April 18, 2024
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The Pros and Cons of Longevity

Every year around Chanukah time I call or visit my friend Joe Wolf to wish him a happy birthday. This year he turned 102 years old. He was still sharp as ever and wished me a long and healthy life, as he had enjoyed himself. Down South in Florida we have a neighbor, Gertrude, who will be turning 100 years old in February. Whenever I run into her we have long and meaningful conversations. She is still as sharp as ever too. However, she laments that most of her family and friends are gone. She sometimes feels lonely as a result. This started me thinking about longevity. We all wish for a long, healthy, quality life. However, how long is long enough?

If we look carefully at the chronicles of the generations before the Flood and after, we notice a very sharp drop in human longevity. Before the Flood, the average life span seems to have been well into the hundreds of years, and the quality of life was excellent. Methuselah had the longest recorded life span, living to 969 years. After the Flood, however, life expectancy declined, and by Abraham’s time, it seems to have been about one hundred years. Pirkei Avot (5:25) tells us that the average life span that can now be expected is about 70 years. If we are extra strong we might make it to 80 years.

The Torah promises longevity for only two specific mitzvot: honoring one’s parents and “shiluach hakan,” sending away the mother bird before taking away her eggs.

In Parshat Vayigash we read how Yaakov was introduced to Pharaoh. When Pharaoh first sees Yaakov he is amazed to see someone who looks so old. (Yaakov was about 130 years old.) He asks him his age but uses an interesting choice of words. He says, “How many are the days of the years of your life?”

Rabbi Samson Raphael Hirsch explains the phrase as follows: Pharaoh understood that although people may live to an old age, they may only make productive use of few of their days, since people often fall short of their potential. When Pharaoh sees Yaakov he is actually asking him, how many truly meaningful days have you lived during your long life.

Yaakov gives an interesting response. He states that he had a hard and bitter life, not having experienced the quality of life that his forefathers had experienced. “Few and bad have been the days of the years of my life.” He explained that his forefathers lived under more cheerful conditions and accomplished more during their days.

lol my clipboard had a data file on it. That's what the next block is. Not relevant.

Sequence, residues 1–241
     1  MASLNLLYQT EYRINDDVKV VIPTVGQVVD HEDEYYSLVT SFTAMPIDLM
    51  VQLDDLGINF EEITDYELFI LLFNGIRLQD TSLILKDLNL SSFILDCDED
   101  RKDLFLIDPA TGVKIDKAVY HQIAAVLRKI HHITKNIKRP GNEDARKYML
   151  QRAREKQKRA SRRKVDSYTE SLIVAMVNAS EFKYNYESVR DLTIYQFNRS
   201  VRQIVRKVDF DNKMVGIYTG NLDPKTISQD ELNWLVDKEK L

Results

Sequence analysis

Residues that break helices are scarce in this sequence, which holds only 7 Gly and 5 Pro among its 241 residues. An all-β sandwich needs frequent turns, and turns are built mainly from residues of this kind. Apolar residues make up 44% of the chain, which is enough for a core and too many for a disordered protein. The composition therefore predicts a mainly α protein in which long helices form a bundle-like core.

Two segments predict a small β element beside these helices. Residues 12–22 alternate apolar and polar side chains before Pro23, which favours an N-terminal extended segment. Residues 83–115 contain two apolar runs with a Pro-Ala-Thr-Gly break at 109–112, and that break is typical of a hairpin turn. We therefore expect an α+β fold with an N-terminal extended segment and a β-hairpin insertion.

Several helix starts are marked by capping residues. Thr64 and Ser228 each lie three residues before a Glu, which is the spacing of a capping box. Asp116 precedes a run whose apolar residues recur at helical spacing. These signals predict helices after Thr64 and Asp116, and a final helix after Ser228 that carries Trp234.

Incidentally, the rabbis state that Yaakov was punished for responding in such a cynical manner. Even though he had lived through many challenging times, one must appreciate simply being alive. Every day alive is a blessing. As a result of his complaining, a year of life was deducted from his expected life span for every word he used when complaining.

We have all heard the story of Rip Van Winkle, first published in 1819. He drank some liquor and fell asleep for 20 years. He awoke to a world he did not recognize. Actually, we Jews had that story first. The Talmud in Taanit (23a) recounts the story of Choni the circle drawer. Choni had a heavy meal and fell asleep for 70 years. When he awoke he found out that his children were no longer alive. He went to see his surviving grandchildren and the progeny of his scholarly colleagues. No one believed that he was who he claimed to be. He became deeply depressed and prayed to die. The Gemara related, “and so he died.”

Martin Luther King Jr. has been quoted as saying, “The quality, not the longevity, of one’s life is what is important.”

As we live our own lives, we are challenged by the lesson of the short interchange between Pharaoh and Yaakov. We need to ask ourselves the same question: “How many are the days of the years of our lives?” Hopefully, they will be many and meaningful.


Rabbi Dr. Avi Kuperberg is a forensic clinical psychologist in private practice. He is president of the Chai Riders Motorcycle Club of NY/NJ. He leads the Summit Avenue Shabbos Gemara shiur and minyan in Fair Lawn, NJ, and is a member of the International Rabbinical Society. He can be reached at [email protected].

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